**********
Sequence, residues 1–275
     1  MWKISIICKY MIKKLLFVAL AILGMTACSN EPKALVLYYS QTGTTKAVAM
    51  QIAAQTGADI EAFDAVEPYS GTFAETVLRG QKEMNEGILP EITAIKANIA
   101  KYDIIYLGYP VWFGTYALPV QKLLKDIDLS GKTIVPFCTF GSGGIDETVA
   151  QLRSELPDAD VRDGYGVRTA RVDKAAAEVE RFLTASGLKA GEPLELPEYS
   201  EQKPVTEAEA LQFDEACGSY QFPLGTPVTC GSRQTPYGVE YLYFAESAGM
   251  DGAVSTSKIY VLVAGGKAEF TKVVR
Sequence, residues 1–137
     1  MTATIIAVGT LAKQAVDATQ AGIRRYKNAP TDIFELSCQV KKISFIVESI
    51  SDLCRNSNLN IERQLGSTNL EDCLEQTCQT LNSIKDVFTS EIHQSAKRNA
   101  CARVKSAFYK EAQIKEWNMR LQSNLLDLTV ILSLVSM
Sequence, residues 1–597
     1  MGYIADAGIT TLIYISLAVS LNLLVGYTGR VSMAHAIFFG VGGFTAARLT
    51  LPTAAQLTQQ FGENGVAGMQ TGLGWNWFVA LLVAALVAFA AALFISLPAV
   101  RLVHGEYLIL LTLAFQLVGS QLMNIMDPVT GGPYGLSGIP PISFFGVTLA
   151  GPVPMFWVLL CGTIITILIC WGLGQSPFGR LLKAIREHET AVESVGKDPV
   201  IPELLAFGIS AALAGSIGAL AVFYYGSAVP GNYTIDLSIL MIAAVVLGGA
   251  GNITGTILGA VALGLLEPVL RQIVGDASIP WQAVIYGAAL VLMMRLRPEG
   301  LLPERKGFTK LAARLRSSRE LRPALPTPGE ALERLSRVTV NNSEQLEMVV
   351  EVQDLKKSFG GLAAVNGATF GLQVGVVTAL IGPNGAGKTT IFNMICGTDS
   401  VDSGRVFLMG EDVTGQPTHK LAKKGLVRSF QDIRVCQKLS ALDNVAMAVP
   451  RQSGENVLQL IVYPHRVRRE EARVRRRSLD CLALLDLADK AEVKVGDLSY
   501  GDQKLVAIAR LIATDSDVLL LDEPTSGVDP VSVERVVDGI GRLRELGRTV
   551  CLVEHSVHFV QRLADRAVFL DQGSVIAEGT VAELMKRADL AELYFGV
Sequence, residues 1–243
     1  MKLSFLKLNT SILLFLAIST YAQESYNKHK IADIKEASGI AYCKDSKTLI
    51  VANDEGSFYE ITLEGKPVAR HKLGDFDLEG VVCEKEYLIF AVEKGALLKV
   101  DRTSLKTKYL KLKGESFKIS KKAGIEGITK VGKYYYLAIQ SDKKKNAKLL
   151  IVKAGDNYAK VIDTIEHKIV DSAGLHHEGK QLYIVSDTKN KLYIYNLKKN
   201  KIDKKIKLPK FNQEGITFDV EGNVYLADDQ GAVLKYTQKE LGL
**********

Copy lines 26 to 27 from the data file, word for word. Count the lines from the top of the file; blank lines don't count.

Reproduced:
     1  MKLSFLKLNT SILLFLAIST YAQESYNKHK IADIKEASGI AYCKDSKTLI
    51  VANDEGSFYE ITLEGKPVAR HKLGDFDLEG VVCEKEYLIF AVEKGALLKV